Tag Archives: extreme weather
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How Extreme Weather, Health, and Communities Connect

Richard Jackson, MD, MPH, is a Professor at the Fielding School of Public Health at the University of California, Los Angeles. A pediatrician, he has served in many leadership positions in both environmental health and infectious disease with the California Health Department, including the highest as the State Health Officer. For nine years he was […]

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Consensus About Climate Change Among Weathercasters Nearly Unanimous

As severe storms, extreme temperatures, and other climate-related weather events grow more common, climate awareness among weathercasters continues to rise. A new survey from George Mason University’s Center for Climate Change Communication found that 99 percent of U.S. weathercasters accept the existence of climate change (an increase of nearly 9 percent since May of last […]

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Is Your State Prepared for the Impacts of Climate Change?

Preventing the worst impacts of climate change is vital to our future – but some impacts may be unavoidable, and in many places, those impacts are already being felt. Rising seas in Miami, flooding in Texas, and severe drought in the western states are just a few recent examples. As these impacts become more common, […]

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How to Prepare Your Business for the New Norm in Extreme Weather

Weather patterns are changing and severely impacting all businesses – no matter the size. Scientists, including those at the National Oceanic and Atmospheric Administration, already suspect there may be a link between global warming and growing storm intensity. What brought that home to me, personally, was the news footage of storm-flooded streets I saw in […]

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Climate Change Acceptance Among Americans Reaches Highest Level in 7 Years

Americans not only want their political candidates to understand climate science – they are more likely to believe in climate science themselves. A new poll from the University of Michigan and Muhlenberg College found that 70 percent of Americans feel there is strong evidence of global warming. This represents a seven percent increase in the […]

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Is Climate Skepticism on the Way Out?

As the international climate summit in Paris grows ever nearer, social and political support for climate solutions continues to mount – and climate denial is going the way of the dodo. As this Guardian article explains, there are three main reasons for this shift.   1) People are seeing evidence of climate change with their […]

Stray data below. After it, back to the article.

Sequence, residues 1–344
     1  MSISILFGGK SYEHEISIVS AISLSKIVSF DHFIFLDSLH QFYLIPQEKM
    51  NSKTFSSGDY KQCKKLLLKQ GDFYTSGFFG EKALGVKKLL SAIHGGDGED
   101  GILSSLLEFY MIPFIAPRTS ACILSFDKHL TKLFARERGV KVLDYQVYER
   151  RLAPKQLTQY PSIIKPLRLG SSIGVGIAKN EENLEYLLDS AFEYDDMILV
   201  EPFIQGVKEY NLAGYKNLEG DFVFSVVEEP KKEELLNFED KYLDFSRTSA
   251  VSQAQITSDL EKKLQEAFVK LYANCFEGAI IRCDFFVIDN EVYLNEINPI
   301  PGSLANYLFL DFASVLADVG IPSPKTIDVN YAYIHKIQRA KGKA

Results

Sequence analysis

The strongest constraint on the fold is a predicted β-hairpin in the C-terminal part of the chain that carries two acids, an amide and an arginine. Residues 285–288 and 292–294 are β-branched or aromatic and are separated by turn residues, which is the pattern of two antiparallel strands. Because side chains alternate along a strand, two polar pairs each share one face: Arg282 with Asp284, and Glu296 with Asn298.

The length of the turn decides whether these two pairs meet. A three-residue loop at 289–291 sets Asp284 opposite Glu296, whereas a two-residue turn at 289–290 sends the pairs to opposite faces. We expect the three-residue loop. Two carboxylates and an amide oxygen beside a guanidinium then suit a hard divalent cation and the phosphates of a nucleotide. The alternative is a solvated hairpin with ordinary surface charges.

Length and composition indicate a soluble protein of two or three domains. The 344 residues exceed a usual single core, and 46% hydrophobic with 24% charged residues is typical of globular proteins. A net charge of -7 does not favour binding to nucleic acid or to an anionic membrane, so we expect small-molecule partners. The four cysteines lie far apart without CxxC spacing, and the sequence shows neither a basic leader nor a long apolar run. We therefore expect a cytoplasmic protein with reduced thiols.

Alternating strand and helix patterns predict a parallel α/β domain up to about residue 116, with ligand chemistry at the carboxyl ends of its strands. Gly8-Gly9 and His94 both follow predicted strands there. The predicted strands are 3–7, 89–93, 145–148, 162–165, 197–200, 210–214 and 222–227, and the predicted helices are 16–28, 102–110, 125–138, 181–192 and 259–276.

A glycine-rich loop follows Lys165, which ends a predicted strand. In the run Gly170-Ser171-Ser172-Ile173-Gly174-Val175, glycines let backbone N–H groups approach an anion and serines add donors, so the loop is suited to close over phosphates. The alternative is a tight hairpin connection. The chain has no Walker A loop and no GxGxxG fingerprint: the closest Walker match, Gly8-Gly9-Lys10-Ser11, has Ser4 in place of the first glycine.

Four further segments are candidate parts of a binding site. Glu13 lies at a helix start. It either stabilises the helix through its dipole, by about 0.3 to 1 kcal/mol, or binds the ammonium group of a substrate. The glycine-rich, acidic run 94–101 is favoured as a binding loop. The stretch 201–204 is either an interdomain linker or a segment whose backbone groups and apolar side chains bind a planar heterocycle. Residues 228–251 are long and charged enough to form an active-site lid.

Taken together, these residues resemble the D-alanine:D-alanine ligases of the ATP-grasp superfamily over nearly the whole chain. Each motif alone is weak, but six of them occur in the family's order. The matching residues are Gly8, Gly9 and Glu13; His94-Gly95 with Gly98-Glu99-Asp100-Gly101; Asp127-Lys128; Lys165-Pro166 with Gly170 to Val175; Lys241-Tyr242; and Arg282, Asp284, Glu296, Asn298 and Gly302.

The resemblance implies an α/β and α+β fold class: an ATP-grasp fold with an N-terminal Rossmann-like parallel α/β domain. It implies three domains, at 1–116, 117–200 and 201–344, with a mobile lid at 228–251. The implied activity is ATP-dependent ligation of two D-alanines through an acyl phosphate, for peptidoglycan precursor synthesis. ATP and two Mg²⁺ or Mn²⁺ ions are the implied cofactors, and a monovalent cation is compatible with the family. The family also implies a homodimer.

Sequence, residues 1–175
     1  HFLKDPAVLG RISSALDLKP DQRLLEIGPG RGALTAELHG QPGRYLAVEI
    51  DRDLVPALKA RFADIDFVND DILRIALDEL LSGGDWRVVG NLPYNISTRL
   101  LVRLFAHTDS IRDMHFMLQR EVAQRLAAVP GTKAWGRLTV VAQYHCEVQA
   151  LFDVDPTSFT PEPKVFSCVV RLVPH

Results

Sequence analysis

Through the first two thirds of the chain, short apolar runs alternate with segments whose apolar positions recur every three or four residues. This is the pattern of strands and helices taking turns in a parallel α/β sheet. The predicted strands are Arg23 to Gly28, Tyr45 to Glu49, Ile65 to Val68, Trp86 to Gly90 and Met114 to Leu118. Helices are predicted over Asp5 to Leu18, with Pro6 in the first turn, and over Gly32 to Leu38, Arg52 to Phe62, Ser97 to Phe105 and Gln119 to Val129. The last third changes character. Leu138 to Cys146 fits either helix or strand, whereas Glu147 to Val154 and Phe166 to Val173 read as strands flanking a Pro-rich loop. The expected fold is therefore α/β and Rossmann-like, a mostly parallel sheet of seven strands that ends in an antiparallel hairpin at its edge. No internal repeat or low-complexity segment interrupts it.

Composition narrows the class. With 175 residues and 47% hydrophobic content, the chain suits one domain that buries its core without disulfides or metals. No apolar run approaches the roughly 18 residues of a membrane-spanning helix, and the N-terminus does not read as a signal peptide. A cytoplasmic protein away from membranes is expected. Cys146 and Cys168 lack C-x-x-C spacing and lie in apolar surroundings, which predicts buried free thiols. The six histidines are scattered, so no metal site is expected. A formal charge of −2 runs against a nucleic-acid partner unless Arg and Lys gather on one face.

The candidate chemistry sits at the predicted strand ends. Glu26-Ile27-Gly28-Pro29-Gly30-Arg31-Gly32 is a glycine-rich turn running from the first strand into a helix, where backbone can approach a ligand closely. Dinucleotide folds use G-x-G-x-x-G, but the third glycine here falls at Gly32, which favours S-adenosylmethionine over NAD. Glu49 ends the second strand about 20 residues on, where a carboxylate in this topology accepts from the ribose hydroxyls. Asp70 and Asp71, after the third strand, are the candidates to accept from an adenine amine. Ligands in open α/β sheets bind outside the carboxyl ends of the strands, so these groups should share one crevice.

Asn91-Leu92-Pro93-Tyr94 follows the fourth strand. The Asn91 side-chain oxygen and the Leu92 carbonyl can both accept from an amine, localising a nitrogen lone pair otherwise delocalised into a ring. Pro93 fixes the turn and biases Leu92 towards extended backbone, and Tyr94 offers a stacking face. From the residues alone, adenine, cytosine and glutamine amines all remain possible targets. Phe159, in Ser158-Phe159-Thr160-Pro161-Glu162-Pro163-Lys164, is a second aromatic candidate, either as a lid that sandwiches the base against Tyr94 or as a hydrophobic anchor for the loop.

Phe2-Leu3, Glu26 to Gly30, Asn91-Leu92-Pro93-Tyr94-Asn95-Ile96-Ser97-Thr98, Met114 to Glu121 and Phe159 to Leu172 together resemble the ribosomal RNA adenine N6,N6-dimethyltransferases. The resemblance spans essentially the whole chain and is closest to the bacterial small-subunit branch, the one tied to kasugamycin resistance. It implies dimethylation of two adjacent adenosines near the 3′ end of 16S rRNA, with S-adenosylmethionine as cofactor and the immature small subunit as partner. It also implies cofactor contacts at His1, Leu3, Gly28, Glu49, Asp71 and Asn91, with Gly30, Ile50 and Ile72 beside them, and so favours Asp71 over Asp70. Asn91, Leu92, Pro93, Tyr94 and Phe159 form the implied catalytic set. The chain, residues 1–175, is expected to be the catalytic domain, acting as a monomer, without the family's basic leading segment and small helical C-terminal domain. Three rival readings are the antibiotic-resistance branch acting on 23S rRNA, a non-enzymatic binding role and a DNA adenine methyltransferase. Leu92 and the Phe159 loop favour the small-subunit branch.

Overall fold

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Is Your City One of the 25 Most At Risk from Climate Impacts?

One of the best ways to make the climate issue resonate for people is show how climate change impacts them personally. A new study by weather.com looked at the factors affecting America’s 100 largest cities, and identified the top 25 most at risk. Some, like Denver and Detroit, may see significant increases in heat. Others, […]

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How Social Cohesion Helps Create a More Equitable Response to Climate Change

Climate impacts affect us all, but poorer populations are especially at risk. Low-income housing tends to offer inadequate protection against extreme weather, and low-income areas often have higher rates of illnesses such as asthma that are exacerbated by climate change. But there is a way for these vulnerable communities to fight back. As this article […]

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Over 90% of TV Weathercasters Now Accept the Reality of Climate Change

Acceptance of climate change and awareness of climate impacts has increased dramatically among TV weathercasters. According to a new survey from the George Mason University Center for Climate Change Communication, over 90 percent of TV weathercasters have concluded that climate change is happening (versus 54 percent in 2010), and almost 90 percent believe humans are […]

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Political Affiliation Affects How People Perceive Extreme Weather

Weather events like unseasonably warm days or epic snowstorms should be a convincing argument for climate change. But according to a new study in Nature Climate Change, how people perceive the weather has a lot to do with their political beliefs. Respondents were polled in March 2012, just after an unusually warm winter. As outlined […]

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